Math in Real Life, Part 1: Fruit Algorithms

I recently went to Costco and bought a rather large tub of blueberries. I am a huge fan of blueberries – in fact, the engine of this blog was once named “blueberry,” – and I am a huge fan of fresh fruit in general. While picking from said tub, I mentioned to a friend that as I munch away, I frequently scan the entire viewable area of berries and quickly select the “best” one in view for my next berry. I do this not just with blueberries, but with strawberries, raspberries, blackberries… in fact, I probably do it with many more foods. But in this case, we did an experiment, which goes thusly:

Shake a tub of berries so it’s a fresh “layout” and have a friend peruse it. Then, you each reveal the “best” berry – the one you’d go for if you were choosing. The first FIVE throws we matched 100%. The next few took us up to two or three picks to match. But the fact remains, we agreed that as we ate, we’d do a quick scan – all in an instant, of course, the deliberation is almost entirely subconscious – and choose the best remaining berry/berries. And furthermore, in the first five throws, we were able to agree with no debate as to which was the best remaining berry, without defining what qualities should be prized in an assessment of “best.” I think many people do this, and not just with fruit, but with all sorts of things. Is it just human nature?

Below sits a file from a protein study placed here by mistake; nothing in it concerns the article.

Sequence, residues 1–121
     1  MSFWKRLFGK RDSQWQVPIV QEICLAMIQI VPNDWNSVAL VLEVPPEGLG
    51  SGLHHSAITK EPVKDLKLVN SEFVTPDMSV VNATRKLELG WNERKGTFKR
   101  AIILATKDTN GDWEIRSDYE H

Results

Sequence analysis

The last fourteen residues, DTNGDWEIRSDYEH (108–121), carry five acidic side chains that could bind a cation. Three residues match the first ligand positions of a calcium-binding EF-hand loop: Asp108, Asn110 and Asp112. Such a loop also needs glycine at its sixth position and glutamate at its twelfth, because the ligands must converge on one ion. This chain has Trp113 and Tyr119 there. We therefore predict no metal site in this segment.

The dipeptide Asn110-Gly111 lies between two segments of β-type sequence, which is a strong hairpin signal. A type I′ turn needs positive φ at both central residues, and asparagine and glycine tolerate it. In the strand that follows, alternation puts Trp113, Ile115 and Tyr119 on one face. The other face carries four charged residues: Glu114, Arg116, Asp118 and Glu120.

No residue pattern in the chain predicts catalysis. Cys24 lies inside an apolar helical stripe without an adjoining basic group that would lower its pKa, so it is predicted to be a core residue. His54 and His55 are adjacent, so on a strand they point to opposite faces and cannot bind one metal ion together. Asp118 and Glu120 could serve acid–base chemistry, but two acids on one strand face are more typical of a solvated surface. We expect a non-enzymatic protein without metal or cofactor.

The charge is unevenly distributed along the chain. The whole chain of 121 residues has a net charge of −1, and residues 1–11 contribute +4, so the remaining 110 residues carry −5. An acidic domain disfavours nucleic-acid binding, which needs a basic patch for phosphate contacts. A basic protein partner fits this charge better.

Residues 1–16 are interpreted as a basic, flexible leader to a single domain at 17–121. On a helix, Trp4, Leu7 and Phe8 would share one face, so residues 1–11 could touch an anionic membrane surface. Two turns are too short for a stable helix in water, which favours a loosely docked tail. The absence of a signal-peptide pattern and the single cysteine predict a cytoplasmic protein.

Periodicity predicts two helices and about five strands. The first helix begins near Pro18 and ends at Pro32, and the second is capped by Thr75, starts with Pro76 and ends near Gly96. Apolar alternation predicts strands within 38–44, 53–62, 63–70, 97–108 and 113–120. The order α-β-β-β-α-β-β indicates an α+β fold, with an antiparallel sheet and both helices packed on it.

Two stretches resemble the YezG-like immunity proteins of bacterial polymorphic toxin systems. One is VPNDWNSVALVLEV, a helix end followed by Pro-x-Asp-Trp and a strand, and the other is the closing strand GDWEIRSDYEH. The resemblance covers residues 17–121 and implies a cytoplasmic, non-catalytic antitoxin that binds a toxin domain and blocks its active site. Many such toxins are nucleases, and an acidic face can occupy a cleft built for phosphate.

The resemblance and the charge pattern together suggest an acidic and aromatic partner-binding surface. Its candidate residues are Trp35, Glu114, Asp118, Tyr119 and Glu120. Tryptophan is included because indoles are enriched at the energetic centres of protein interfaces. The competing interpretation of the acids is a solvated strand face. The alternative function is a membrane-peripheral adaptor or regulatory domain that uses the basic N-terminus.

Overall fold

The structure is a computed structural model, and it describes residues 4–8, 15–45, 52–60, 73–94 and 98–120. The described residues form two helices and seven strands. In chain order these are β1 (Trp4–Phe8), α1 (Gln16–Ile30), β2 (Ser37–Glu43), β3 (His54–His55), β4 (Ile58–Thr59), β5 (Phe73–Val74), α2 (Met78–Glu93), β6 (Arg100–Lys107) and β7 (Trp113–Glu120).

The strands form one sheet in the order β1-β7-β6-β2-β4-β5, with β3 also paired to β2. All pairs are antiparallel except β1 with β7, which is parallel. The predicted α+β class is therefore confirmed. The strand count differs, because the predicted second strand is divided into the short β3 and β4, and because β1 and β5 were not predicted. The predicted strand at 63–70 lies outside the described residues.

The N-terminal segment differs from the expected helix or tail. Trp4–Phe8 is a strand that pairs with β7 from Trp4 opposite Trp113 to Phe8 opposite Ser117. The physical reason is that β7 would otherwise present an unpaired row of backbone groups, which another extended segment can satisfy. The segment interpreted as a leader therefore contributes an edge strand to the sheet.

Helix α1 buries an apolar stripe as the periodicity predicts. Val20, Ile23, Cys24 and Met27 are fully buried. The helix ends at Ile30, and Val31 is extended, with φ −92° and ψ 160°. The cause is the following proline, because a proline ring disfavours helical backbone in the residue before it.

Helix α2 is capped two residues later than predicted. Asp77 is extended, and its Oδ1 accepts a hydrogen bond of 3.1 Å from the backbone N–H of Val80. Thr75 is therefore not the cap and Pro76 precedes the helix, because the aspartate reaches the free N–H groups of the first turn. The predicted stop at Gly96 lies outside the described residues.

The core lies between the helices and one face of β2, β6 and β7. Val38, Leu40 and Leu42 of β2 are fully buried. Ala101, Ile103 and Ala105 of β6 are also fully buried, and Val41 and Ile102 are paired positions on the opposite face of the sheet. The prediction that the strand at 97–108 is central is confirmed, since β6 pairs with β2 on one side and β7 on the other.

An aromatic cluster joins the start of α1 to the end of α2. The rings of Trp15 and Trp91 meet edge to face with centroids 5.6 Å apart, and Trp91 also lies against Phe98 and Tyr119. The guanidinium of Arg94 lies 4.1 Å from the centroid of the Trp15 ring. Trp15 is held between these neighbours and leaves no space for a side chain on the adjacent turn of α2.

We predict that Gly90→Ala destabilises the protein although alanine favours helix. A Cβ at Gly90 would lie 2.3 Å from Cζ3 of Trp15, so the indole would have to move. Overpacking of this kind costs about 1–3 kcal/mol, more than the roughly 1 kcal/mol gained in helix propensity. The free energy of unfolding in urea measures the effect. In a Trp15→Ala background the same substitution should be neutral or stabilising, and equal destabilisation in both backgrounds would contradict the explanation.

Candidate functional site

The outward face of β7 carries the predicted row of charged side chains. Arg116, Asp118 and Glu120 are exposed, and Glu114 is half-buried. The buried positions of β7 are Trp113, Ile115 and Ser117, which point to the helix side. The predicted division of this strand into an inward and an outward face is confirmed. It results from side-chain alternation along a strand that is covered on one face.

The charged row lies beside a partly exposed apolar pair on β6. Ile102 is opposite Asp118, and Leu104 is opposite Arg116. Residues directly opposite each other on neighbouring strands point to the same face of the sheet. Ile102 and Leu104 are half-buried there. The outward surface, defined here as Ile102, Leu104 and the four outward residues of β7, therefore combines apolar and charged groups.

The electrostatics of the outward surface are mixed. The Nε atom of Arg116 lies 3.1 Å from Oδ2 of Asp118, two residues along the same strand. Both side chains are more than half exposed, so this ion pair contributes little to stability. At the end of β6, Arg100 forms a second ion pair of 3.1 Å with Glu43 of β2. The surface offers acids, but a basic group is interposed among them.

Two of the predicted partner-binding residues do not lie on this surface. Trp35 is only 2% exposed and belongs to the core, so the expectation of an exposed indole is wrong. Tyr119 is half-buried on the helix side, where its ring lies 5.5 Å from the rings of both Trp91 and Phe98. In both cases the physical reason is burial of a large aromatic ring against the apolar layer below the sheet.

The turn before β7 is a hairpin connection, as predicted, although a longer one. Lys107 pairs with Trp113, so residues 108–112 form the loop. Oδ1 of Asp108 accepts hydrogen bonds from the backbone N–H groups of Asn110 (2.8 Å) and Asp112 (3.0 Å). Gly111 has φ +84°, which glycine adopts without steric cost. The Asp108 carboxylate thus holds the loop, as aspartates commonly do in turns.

There you go: math in real life.